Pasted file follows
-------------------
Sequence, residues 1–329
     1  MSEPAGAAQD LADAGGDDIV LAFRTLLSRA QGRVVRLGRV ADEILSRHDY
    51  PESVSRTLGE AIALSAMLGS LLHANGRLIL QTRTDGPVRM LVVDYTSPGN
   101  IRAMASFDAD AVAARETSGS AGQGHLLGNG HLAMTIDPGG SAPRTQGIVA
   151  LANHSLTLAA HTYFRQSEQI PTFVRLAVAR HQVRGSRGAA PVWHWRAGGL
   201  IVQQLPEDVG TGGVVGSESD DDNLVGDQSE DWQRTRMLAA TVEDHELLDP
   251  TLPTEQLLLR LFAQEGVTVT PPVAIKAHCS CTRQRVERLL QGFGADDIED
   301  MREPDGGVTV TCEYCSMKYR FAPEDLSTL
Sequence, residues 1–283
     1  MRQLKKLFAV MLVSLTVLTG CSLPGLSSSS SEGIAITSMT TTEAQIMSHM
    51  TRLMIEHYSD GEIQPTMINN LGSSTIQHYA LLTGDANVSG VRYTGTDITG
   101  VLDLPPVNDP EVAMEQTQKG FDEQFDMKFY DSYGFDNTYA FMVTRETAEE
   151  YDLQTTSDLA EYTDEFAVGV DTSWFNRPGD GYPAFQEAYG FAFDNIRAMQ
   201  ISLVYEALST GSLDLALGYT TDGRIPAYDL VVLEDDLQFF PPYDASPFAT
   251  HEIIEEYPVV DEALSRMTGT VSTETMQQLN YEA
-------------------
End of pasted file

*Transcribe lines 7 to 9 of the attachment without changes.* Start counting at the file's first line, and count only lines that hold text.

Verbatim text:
   251  TLPTEQLLLR LFAQEGVTVT PPVAIKAHCS CTRQRVERLL QGFGADDIED
   301  MREPDGGVTV TCEYCSMKYR FAPEDLSTL
Sequence, residues 1–283